Keep smil­ing this sum­mer

Central Leader - - HEALTH& WELL-BEING -

It starts as a friendly game of back­yard cricket on a sum­mer evening and ends with you on your hands and knees look­ing for a tooth and try­ing to stop your mouth from bleed­ing. Yup, you’ve been hit in the face by a cricket ball and, as a re­sult, bit­ten by a full-scale sum­mer dental emer­gency. What do you do next? Any dental emer­gency means calling a den­tist as soon as pos­si­ble. If you have a reg­u­lar den­tist, they should have in­for­ma­tion about af­ter hours and emer­gency dental care on their clinic an­swer phone.

If you don’t have a den­tist, the Yel­low Pages (un­der den­tists) lists af­ter-hours and emer­gency den­tists and, in this day and age, you can al­ways Google ‘emer­gency den­tists’ and get a list of sug­ges­tions.

It’s a good idea to keep your den­tist’s phone num­ber in a safe place with other im­por­tant con­tact num­bers and to in­clude in a house­hold first aid kit use­ful items for deal­ing with dental emer­gen­cies. These in­clude a small con­tainer, with a lid, for putting a tooth that’s been knocked out in, gauze and a clean hand­ker­chief.

How do you know if it’s a dental emer­gency?

In a case like the one de­scribed above, it’s ob­vi­ous. But a bleed­ing mouth, swelling in the mouth or face, se­vere pain, an oral or fa­cial in­jury, swollen and/or bulging gums, and the un­ex­pected loss of a tooth are all signs that you need to con­tact a den­tist sooner rather than later.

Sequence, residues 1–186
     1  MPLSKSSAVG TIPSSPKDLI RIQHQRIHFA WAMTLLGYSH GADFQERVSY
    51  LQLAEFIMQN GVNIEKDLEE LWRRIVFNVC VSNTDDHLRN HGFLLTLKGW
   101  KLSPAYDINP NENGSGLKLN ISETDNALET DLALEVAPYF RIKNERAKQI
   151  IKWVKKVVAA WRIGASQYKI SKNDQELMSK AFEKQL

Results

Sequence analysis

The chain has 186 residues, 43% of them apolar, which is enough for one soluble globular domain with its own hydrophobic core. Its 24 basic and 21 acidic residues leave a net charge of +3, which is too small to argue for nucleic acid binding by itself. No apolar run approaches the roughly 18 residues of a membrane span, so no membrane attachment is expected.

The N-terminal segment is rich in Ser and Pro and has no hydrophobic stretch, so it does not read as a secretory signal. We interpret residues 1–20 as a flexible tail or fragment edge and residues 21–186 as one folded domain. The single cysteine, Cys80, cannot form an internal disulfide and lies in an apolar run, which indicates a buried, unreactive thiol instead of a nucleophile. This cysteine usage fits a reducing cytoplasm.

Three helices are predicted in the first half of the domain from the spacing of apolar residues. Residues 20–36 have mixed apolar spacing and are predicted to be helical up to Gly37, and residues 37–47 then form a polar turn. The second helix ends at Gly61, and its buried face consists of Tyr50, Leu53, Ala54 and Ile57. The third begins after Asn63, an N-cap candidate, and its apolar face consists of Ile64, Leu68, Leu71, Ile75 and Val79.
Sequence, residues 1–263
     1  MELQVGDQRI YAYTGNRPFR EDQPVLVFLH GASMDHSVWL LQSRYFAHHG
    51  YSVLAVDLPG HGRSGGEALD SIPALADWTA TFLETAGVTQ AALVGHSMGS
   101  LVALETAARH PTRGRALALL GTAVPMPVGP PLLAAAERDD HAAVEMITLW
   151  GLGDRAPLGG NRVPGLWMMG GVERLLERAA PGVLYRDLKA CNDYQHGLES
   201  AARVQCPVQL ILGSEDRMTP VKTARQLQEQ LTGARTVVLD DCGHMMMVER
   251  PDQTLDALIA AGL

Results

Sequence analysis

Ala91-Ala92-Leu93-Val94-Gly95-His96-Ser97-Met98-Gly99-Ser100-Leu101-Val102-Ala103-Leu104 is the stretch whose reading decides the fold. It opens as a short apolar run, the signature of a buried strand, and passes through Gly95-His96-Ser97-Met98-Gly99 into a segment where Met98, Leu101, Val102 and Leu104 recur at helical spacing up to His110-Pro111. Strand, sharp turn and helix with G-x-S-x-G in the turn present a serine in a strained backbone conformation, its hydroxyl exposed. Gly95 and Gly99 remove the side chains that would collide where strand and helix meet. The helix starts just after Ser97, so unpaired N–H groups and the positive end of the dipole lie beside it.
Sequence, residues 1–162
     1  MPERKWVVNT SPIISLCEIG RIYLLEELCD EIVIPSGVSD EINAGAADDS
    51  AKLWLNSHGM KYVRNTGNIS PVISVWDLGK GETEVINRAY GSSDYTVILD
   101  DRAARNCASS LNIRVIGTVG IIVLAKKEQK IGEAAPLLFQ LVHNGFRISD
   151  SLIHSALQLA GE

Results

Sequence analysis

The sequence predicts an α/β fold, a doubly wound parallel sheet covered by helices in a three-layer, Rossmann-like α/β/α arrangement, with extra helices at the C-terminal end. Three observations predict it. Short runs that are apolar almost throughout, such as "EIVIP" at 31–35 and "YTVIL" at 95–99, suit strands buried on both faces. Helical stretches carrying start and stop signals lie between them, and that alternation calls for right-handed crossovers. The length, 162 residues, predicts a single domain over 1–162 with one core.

ACC may cover dental in­juries caused in ac­ci­dents, sports or be­cause of med­i­cal/ dental treat­ment.

The Ac­ci­dent Com­pen­sa­tion Cor­po­ra­tion doesn’t cover dental claims if the dam­age to your teeth (or den­tures) was caused by nor­mal wear and tear or your den­tures were dam­aged when you weren’t wear­ing them.

Treat­ment must be car­ried out by a reg­is­tered den­tist who can help you fill out an ACC claim form. Like med­i­cal treat­ments cov­ered by ACC, the den­tist will treat you on your first visit and charge you part of their nor­mal fee while ACC pays the rest of the cost.

If you need fur­ther treat­ment from a spe­cial­ist, ACC must ap­prove this treat­ment as nec­es­sary and ap­pro­pri­ate first. ACC states: ‘‘Your den­tist will dis­cuss your treat­ment with you and can show you the ACC Sched­ule of Dental Treat­ment Costs Con­tri­bu­tions. You need to en­sure you are fully in­formed of what your fi­nan­cial re­spon­si­bil­ity is be­fore un­der­go­ing any treat­ment.’’ What if it’s a child? Even if the in­jury doesn’t seem se­vere, it’s im­por­tant to get a den­tist’s opin­ion and fill in a claim form be­cause chil­dren may need fur­ther treat­ment in later years.

Pre­vent­ing dental emer­gen­cies

The most ef­fec­tive ways to avoid dental emer­gen­cies at any time of year is to take care of your teeth and gums.

The New Zea­land Dental As­so­ci­a­tion rec­om­mends eat­ing a healthy and well bal­anced diet, go­ing for reg­u­lar dental check-ups be­cause a den­tist can spot early and deal with prob­lems be­fore they turn into ma­jor is­sues, brush­ing teeth twice daily (es­pe­cially be­fore bed­time) us­ing a flu­o­ride tooth­paste and floss­ing once a day.

If you are go­ing on hol­i­day and won’t be able to get to a den­tist, it’s ad­vis­able to have a check-up be­fore you leave. This way, your den­tist can deter­mine whether there are any prob­lems likely to erupt while you’re away. Wear­ing a mouth-guard if you’re tak­ing part in sports and risky ad­ven­ture ac­tiv­i­ties is also ad­vis­able be­cause they help to pre­vent teeth from be­ing chipped, knocked out or bro­ken.

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